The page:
According to Above the Law, Weil Gotshal sent out a new email policy as an April Fools Day prank. Here’s the “joke” policy:
(1) Email will not be transmitted between 11:00 p.m. and 6:00 a.m. This will be implemented in the local time zone for each Weil office. This will be the default email setting, subject to opt-outs as described below.
(2) Emails will not be transmitted between 11:00 p.m. Friday and 6:00 a.m. Monday, also implemented in the local time zone for each Weil office and also subject to opt out.
(3) When an employee is on vacation, no emails will be transmitted from 11:00 p.m. on the day prior to start of vacation to 6:00 a.m. on the first day back at work after vacation. All emails during this time will be automatically responded to with a message that the recipient is on vacation and not receiving emails, and the name, email address and telephone number of a designated substitute for the duration of the vacation.
Translation: “Don’t you dare stop answering emails after hours, on weekends, or while you are on vacation. There is no such thing as after hours, the weekend, or vacation at this firm.”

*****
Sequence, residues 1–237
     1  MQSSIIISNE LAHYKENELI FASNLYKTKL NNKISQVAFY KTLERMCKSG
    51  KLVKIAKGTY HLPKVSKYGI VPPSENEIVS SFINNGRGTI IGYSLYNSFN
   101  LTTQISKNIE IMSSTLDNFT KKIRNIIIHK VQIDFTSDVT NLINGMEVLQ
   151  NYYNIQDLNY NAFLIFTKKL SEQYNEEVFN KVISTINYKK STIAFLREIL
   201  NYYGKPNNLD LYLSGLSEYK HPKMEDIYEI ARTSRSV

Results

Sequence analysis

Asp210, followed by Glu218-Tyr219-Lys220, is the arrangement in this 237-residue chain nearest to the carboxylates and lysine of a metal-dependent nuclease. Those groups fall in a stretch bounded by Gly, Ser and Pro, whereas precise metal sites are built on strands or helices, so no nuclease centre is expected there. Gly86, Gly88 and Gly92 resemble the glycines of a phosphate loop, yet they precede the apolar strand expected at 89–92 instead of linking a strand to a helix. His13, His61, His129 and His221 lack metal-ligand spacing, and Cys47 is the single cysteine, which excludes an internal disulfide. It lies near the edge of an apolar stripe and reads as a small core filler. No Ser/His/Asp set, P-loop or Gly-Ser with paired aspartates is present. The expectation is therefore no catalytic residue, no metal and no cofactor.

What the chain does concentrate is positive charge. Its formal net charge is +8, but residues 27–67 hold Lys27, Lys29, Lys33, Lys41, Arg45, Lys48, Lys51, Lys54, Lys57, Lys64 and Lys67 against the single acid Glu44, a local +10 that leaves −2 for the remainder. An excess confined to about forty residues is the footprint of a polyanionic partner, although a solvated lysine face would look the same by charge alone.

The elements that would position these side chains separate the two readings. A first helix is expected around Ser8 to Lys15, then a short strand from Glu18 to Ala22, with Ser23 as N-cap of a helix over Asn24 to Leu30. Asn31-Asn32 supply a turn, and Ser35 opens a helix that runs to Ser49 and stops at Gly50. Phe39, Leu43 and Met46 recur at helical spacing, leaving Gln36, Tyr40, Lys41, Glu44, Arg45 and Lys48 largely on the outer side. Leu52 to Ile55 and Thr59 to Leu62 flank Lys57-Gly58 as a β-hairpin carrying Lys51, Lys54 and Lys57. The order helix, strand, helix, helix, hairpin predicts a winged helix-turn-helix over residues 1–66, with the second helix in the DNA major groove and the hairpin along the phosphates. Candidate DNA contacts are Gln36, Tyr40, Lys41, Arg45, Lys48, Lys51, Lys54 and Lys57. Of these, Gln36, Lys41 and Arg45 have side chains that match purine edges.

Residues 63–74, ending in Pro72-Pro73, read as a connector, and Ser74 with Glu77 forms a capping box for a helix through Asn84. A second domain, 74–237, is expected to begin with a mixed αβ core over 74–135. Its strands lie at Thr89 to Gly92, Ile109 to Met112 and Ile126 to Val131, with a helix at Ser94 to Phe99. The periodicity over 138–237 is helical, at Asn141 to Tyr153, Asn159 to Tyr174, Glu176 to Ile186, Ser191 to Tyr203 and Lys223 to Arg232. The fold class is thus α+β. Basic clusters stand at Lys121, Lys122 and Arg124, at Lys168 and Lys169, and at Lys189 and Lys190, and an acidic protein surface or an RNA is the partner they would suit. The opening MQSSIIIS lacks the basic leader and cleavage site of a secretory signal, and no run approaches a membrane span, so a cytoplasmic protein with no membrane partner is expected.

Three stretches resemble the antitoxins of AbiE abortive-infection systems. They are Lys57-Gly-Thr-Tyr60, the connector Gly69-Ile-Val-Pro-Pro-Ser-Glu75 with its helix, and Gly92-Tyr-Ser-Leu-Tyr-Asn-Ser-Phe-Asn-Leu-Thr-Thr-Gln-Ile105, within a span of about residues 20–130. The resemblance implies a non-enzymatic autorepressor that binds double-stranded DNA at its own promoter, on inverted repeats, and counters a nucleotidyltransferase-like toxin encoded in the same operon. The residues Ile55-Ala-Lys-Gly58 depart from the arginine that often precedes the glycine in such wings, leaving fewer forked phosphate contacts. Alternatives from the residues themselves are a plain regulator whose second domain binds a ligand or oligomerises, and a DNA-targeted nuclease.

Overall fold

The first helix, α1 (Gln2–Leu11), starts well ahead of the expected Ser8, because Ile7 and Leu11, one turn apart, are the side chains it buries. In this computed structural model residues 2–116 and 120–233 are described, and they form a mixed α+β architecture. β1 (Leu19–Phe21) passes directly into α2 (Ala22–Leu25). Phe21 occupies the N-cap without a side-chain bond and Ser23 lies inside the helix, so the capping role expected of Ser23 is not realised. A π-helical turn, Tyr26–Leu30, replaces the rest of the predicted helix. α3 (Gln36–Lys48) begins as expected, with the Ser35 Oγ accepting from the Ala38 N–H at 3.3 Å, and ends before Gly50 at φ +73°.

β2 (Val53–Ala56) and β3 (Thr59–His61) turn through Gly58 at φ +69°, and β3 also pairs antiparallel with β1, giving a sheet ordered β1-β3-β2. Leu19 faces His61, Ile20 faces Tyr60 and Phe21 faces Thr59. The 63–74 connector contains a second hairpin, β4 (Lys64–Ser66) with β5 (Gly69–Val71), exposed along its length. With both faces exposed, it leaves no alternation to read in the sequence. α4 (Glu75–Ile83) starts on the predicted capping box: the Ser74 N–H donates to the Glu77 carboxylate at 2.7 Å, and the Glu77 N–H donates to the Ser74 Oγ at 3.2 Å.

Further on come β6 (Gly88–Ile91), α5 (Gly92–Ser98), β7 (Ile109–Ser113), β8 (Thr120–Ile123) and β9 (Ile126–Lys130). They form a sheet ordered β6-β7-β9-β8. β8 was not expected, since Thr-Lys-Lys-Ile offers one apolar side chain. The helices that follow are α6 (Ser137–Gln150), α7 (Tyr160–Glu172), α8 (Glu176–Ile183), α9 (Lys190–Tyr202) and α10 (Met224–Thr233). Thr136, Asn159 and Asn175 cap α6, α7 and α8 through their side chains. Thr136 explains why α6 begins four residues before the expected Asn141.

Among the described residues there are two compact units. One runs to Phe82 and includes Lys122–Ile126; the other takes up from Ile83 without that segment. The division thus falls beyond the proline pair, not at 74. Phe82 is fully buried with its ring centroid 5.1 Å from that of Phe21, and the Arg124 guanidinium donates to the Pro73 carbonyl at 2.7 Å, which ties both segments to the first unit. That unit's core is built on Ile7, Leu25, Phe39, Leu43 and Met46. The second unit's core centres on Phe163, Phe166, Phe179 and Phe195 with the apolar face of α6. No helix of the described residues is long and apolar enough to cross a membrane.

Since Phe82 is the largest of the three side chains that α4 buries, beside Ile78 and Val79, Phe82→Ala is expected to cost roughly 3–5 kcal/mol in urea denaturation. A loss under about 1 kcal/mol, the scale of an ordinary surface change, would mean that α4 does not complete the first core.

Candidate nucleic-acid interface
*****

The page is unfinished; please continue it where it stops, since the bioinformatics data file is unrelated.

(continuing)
That’s a great email policy, too. If Gmail or Outlook or Mail.app had a “hold email” feature, these are exactly the settings I would use. Some European companies are implementing similar, totally-sensible email policies because answering emails at all hours is actually counter-productive.
Fortunately, you can implement this policy for yourself. All you have to do is turn on the do-not-disturb feature on your smartphone and keep your email tab or app closed in the evenings. You’ll never know it’s there.
Featured image: “Man in suit laughing and pointing finger” from Shutterstock.